STARRING: Michael Madsen, Sterling Wolfe, Brian Bloom, Dyan Cannon, Shelli Lether, Robert Vaughn

1997, 98 Minutes, Directed by: Richard Pepin

"Oh goodie," my wife exclaimed half-way through The Sender, "there's going to be another car chase." And right she was. In case you haven't caught on, she was being sarcastic. What little plot there is in The Sender serves merely as an excuse to have car chases. Lots of them. There's one a bare ten minutes into the movie when, after a short intro scene, one barely knows the characters. Who to root for? Who are the bad guys? What's happening? Never mind. The producers no doubt wanted a car chase early on and they got it. This gratuitous car chase sets the tone, while watching it, my wife remarked to me, "This is going to be a bad movie, isn't it?" Reluctantly I nodded agreement.

Don't get me wrong - I like car chases as much as the next guy. Except when they are done like in this movie: lacking any hint of tension or imagination and goes on seemingly forever. During said car chase, the lackadaisical hero (played in sleepwalking mode by Michael Madsen of Reservoir Dogs and Species fame) exchanges blows with a bad guy; the sunglasses that he is wearing never so much as getting slightly skewed - never mind getting hit right off his face! Or at least I assume them to be bad guys. Who the characters are and why they are doing what they are doing is never explained. Thereafter they are not so much as mentioned or seen again.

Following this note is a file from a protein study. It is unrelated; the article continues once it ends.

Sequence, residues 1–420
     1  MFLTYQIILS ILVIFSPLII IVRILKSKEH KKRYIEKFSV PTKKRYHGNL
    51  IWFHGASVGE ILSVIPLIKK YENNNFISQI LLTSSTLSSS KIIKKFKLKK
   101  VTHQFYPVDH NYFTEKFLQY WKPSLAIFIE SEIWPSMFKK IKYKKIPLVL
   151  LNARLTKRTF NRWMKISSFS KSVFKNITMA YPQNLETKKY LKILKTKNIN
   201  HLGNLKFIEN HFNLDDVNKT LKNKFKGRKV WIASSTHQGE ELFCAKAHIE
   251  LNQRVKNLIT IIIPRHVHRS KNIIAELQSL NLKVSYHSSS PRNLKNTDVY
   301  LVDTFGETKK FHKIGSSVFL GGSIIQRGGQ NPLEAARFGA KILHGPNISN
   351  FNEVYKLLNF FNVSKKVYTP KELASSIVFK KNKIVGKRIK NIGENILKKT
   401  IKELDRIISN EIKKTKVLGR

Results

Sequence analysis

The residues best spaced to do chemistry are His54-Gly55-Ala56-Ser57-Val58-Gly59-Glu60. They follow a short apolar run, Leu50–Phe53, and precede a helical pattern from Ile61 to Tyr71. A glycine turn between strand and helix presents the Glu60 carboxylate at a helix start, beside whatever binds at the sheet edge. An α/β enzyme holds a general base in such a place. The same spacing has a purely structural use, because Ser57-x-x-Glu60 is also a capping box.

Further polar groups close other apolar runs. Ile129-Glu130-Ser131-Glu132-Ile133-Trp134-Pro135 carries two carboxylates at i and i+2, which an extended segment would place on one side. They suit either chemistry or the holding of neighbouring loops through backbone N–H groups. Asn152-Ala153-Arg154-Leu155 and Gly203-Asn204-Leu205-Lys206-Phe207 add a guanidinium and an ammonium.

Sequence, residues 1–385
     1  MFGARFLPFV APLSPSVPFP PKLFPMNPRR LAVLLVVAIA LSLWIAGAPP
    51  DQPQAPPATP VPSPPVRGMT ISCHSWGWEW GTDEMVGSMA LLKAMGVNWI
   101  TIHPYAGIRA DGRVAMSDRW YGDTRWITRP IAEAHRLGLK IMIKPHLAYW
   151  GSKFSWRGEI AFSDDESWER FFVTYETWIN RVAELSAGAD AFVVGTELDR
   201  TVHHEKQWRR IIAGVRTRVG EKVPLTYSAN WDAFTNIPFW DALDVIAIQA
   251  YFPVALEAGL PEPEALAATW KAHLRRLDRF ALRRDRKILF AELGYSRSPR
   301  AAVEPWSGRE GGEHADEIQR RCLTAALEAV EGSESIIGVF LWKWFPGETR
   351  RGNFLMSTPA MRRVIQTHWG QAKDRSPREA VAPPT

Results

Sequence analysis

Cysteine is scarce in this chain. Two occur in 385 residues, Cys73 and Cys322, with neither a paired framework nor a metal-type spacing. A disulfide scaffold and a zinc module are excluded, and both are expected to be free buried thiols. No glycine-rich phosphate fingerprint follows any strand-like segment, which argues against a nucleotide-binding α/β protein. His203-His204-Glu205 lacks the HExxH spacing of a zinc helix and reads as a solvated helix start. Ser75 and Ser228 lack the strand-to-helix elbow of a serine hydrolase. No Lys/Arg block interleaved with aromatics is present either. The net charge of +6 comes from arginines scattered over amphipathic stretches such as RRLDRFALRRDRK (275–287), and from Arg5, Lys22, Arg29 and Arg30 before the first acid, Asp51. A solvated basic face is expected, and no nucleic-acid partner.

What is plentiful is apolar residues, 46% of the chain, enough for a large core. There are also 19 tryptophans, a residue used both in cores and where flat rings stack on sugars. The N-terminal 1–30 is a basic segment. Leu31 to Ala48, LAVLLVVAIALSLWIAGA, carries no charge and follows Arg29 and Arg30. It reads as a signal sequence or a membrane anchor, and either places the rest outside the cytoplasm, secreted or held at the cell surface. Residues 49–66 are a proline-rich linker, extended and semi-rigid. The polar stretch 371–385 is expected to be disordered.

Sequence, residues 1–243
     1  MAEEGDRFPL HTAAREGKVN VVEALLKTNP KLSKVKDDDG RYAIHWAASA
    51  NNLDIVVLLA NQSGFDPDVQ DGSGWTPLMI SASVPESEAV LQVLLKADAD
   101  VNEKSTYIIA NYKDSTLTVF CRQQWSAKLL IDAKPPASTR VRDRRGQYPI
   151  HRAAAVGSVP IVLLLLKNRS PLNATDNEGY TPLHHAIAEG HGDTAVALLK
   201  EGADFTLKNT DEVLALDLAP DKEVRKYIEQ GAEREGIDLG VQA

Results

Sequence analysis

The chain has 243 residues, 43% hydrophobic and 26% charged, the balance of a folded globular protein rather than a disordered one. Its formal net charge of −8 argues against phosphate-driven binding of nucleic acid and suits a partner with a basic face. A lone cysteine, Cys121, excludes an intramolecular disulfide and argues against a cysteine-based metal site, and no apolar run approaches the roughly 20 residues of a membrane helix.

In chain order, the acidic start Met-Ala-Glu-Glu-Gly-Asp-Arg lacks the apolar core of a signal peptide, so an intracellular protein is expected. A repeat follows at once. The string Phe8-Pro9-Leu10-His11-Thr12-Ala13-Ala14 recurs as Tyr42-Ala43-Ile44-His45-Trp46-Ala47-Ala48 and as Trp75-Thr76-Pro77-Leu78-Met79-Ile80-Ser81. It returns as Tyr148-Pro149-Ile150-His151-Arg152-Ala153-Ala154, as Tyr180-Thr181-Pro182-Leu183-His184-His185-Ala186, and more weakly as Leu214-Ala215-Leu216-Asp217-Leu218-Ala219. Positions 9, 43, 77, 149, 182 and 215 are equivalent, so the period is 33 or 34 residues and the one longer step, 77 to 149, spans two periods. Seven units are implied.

The hero's daughter carries a "genetic deviation" (or at least I think that's what I heard) that allows her to merely teleport objects (like in all those Star Trek episodes) from one place or another. One day she'll be able to transport spaceships across entire galaxies this way. So a shadowy government agency (called "the Company" - the same guys who run the UFO research facility at Roswell in case you were wondering) is out to kidnap her and exploit her abilities. One can understand why - this sort of thing will save NASA billions of dollars! However, it is never revealed exactly what this agency has in mind for her and why it is BAD thing. And it is a BAD thing - because the entire movie consists of the hero and an alien sidekick's efforts to rescue her. In the end everything is blown up and all the bad guys die. End of story.

It's bad all right, but needed have been. The Sender starts off promisingly with a squadron of WWII propeller-driven fighter planes (in 1965! didn't they have jet planes by then?) encountering a huge flying saucer. One of the fighter planes is singled out by a smaller alien craft that pursues it. After trying to shoot it down, the air force plane nosedives into the ocean below. After this moderately interesting intro, the movie too nosedives into the ocean. Nothing is too badly done in this movie. The special effects are okay-ish and so are the various stunts, car smashes, etc. Problem is that the producers should rather have spent some of the stuntmen's money on a decent script and more than "where's my pay check so that I can go home now" performances.

Ultimately The Sender is a latter-day video equivalent of those old crappy movies knocked by the Mystery Science Theatre 3000 crew. Except it's never really so bad, it's good -  it's just bad.

(The Sender was part of a pretty dismal video night in which that piece of mid-1980s pro-Reaganite homoeroticism known as Top Gun was probably the best movie. Yeah, you know you're in trouble then!)



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